Tag Archives: histology

Digital Pathology Segmentation using Pytorch + Unet

In this blog post, we discuss how to train a U-net style deep learning classifier, using Pytorch, for segmenting epithelium versus stroma regions. This post is broken down into 4 components following along other pipeline approaches we’ve discussed in the past:

  1. Making training/testing databases,
  2. Training a model,
  3. Visualizing results in the validation set,
  4. Generating output.

This model focuses on using solely Python and freely available tools (i.e., no matlab).

This blog post assumes moderate knowledge of convolutional neural networks, depending on the readers background, our JPI paper may be sufficient, or a more thorough resource such as Andrew NG’s deep learning course.

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On Stain Normalization in Deep Learning

Just wanted to take a moment and share some quick stain normalization type experimental results. We have a trained in-house nuclei segmentation model which works fairly well when the test images have similar stain presentation properties, but when new datasets arrive which are notably different we tend to see a decreased classifier performance.

Here we look at one of these images and ways of improving classifier robustness.

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Dividing and re-merging large images (Humpty Dumpty)

One of the challenges in working in digital pathology is that the associated images can be excessively large, too large to load fully into memory, as well as too large to use in common pipelines. For example, a Aperio SVS file that we’ll look at today is 60,000 x 42,600 pixels. If we tried to load such an image, in RGB space, uncompressed it would require ~7GB, making it too large to consider using in our deep learning pipelines as there wouldn’t be enough RAM on the GPU for both the data and the filter activations.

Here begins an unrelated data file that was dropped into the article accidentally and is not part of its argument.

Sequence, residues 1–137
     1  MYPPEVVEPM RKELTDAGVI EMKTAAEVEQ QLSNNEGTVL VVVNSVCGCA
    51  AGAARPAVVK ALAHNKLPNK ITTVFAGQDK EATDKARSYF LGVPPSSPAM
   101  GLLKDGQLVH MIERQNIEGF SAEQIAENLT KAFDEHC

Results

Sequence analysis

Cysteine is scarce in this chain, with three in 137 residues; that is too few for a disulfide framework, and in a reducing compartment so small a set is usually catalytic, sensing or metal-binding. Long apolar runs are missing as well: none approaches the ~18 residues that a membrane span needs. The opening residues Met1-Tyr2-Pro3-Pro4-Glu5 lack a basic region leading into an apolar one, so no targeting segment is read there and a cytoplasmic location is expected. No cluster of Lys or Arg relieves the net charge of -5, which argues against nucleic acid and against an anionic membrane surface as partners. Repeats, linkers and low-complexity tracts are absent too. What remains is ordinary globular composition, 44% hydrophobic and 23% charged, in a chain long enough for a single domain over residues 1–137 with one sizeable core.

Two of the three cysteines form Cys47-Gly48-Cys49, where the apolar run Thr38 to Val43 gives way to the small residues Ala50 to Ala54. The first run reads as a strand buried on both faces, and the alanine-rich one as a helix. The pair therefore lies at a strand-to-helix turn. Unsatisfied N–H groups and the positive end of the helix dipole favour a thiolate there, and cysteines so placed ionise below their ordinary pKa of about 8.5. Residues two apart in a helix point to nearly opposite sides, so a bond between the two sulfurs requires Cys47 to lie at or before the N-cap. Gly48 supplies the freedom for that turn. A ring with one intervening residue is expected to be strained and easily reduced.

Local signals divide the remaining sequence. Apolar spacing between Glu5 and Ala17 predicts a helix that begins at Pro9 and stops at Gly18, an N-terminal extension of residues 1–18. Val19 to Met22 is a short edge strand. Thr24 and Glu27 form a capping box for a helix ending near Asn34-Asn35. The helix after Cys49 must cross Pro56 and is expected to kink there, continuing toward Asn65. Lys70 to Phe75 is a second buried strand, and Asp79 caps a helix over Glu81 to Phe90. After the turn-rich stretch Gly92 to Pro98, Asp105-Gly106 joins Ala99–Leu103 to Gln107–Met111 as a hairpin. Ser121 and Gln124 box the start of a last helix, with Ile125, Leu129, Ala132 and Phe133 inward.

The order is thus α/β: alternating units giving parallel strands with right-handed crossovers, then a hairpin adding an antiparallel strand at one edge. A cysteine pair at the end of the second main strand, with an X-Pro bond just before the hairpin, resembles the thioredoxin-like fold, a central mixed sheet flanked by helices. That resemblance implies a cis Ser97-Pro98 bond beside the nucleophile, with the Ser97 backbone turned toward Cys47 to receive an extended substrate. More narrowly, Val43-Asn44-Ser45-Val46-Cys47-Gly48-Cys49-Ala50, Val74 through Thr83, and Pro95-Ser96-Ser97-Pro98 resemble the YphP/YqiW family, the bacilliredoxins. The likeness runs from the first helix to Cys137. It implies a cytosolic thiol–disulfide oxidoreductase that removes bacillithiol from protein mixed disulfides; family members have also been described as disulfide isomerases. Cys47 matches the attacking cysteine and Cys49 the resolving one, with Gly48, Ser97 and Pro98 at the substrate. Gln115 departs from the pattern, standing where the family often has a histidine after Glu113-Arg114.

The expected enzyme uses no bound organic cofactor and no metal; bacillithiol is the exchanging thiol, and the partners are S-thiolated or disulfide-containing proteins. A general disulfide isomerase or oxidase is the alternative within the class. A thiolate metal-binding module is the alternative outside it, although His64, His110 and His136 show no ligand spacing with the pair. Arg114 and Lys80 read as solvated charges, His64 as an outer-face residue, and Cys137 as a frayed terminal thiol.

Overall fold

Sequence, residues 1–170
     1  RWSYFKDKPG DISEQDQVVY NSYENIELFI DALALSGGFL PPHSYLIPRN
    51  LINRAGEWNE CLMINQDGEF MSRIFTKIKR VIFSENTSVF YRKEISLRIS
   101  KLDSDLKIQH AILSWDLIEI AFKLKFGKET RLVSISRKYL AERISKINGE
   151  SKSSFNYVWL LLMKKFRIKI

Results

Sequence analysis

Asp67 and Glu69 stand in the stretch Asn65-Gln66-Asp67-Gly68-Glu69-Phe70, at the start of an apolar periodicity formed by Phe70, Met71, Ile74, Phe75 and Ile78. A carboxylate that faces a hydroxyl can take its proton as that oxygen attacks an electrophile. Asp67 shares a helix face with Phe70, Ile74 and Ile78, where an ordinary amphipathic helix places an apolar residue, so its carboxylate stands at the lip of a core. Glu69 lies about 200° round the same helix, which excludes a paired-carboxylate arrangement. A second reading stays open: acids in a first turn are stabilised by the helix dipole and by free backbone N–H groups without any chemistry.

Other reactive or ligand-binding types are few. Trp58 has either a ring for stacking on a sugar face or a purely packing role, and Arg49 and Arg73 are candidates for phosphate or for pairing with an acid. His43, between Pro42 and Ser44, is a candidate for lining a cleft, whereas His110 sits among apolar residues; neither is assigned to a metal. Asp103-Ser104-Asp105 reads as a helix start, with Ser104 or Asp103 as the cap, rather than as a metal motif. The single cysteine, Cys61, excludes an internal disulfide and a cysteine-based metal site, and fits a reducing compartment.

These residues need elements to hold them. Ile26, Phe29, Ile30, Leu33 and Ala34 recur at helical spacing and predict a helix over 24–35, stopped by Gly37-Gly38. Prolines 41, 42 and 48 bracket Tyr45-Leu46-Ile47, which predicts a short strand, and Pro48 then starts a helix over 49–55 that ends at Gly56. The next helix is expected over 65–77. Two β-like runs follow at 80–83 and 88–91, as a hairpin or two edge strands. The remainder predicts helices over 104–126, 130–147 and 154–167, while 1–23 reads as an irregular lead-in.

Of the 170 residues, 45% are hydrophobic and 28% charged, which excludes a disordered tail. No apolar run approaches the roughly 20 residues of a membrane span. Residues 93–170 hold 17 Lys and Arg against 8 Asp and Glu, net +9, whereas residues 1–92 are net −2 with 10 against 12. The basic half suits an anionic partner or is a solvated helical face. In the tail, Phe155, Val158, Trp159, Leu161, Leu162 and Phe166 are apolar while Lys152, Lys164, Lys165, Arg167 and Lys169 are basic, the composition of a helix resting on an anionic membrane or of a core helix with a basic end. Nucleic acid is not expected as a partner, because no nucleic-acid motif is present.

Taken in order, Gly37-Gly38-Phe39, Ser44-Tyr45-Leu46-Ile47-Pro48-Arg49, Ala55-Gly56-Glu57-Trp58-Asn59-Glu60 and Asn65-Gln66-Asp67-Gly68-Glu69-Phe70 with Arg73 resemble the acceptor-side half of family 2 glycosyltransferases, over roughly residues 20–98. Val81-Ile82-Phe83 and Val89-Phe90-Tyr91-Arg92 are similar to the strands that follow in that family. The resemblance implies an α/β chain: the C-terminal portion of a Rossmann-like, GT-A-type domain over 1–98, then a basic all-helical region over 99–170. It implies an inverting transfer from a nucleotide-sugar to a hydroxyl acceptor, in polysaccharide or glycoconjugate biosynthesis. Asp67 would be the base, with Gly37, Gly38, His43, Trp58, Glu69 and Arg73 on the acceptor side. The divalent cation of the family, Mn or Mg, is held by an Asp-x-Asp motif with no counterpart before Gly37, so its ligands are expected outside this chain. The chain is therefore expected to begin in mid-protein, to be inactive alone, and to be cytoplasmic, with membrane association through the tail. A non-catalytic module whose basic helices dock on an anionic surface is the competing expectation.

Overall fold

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Use Case 6: Invasive Ductal Carcinoma (IDC) Segmentation

This blog posts explains how to train a deep learning Invasive Ductal Carcinoma (IDC) classifier in accordance with our paper “Deep learning for digital pathology image analysis: A comprehensive tutorial with selected use cases”.

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Use Case 4: Lymphocyte Detection

Typically, you’ll want to use a validation set to determine an optimal threshold as it is often not .5 (which is equivalent to argmax). Subsequently, use this threshold on the the “_prob” image to generate a binary image.This blog posts explains how to train a deep learning lymphocyte detector in accordance with our paper “Deep learning for digital pathology image analysis: A comprehensive tutorial with selected use cases”.

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Exporting from Matlab To PowerPoint

Reviewing the results of an image based experiment, across many images, can be annoying in matlab. Too much clicking!

I’ve recently started using PowerPoint to view many of my results. This blog posts discuss how using the free export to PowerPoint toolbox it is possible to create a slide desk with all relevant information for easier viewing. It looks like this:


image1_annotated_trimmed

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